Regardless of the country where an Indian earns, making investments back home is always on his/her mind. This thought has resulted in a large number of NRIs making their investments in India.
Being the world’s fastest growing economy in the world, India has attracted abundant investments from abroad due to its promising future and growth prospects. Under this backdrop, parking your surplus funds by making investments in the country will result in good long-term returns.
However, an NRI can invest in India only after completing due formalities that are prescribed by the government to regulate fraudulent and money laundering activities.
Here are a few things you should keep in mind as an NRI willing to invest in India:
- Choosing from the investment options available: NRIs can invest in most schemes such as mutual funds, fixed deposits, bonds, real estate, certificate of deposits, equities, and ETFs.
- Opening an NRE or NRO bank account: Before proceeding with any kind of investment in India, it is mandatory for an NRI to have a bank account in India through which the transactions would take place. NRIs can avail dedicated bank account services through NRE and NRO bank accounts.
Non-Resident Ordinary (NRO) accounts are those that allow repatriation of both principal and interest amounts up to $1mn in a financial year.
- Opening an FCNR bank account: Apart from NRE and NRO accounts, an NRI can also open a Foreign Currency Non-Resident (FCNR) account with any bank if he/she is looking to avoid fluctuations in exchange rates of the foreign currency that they earn in. FCNR accounts offer tax-free interest and full-repatirability.
- Taxation: The income earned from sources in India would be taxed as applicable for NRIs.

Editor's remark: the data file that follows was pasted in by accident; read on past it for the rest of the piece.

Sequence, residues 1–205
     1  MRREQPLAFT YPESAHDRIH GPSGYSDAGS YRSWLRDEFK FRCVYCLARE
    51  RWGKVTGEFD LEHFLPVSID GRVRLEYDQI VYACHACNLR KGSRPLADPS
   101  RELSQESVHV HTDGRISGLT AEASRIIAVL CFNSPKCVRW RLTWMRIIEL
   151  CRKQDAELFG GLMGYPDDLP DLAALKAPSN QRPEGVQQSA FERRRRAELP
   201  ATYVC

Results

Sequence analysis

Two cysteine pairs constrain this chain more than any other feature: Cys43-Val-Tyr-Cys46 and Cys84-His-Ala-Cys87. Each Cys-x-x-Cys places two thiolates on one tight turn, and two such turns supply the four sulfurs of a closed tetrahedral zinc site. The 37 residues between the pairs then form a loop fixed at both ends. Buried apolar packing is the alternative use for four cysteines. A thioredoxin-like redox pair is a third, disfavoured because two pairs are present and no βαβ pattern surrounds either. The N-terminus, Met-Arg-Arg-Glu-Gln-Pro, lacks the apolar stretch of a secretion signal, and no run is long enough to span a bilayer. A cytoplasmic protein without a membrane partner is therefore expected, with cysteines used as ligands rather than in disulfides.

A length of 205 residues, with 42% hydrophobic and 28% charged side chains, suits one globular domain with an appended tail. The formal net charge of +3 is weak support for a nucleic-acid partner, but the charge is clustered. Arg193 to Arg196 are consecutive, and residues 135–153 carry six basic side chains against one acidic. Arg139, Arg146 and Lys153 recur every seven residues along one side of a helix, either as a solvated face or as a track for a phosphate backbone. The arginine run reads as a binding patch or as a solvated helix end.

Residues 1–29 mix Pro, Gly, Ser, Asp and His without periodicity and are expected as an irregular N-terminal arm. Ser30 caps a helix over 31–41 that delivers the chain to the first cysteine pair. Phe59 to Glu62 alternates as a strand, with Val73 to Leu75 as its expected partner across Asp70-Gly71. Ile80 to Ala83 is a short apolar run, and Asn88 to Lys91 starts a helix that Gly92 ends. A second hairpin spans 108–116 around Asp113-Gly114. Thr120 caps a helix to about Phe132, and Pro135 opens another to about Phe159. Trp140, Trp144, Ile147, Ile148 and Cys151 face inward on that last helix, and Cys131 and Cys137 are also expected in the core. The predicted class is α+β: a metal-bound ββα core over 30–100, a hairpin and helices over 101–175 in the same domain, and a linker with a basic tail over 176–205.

- Obtaining a PAN card: To make investments, having a Permanent Account Number (PAN) card apart from an NRE or NRO account for NRIs is mandatory.
- Opening demat and trading accounts to invest in equity markets: If one is looking forward to investing in equity markets directly or indirectly, one needs to open demat and trading accounts similar to those of resident Indians.
- Obtaining a PIS letter: To open demat and trading accounts with registered brokers, an NRI needs to obtain a Portfolio Investment Scheme (PIS) letter by the Reserve Bank of India (RBI). The PIS scheme allows and regulates foreign investments in the Indian equity markets.
- Assign a POA: To manage documentation and other bank formalities, an NRI would need to assign Power of Attorney (POA) to a local resident. This requires filing, which can be duly signed by thr NRI and the person whom he/she would be giving authority to sign on behalf of him/her.
- Trading in derivatives: An NRI may invest in exchange-traded derivative contracts approved by SEBI from time to time out of INR funds held in India on a non-repatriable basis (NRO) only.
- The 5% limit: The total holding by any individual NRI should not exceed 5% of the total paid-up equity capital on a fully diluted basis, and the total holdings of all NRIs should not exceed 10% of the total paid-up equity capital on a fully diluted basis.
- Red Flag and Breach List: NRIs should avoid direct equity investments in companies falling in the RED Flag and Breach List of SEBI. For information on companies falling in this list, one can refer to the links below:
- CDSL :https://www.cdslindia.com/publications/Foreign-Investment-Monitoring.html
- Investing in the Agriculture sector: NRIs cannot invest in companies engaged in agricultural/plantation activities or real estate activities/construction of farm houses.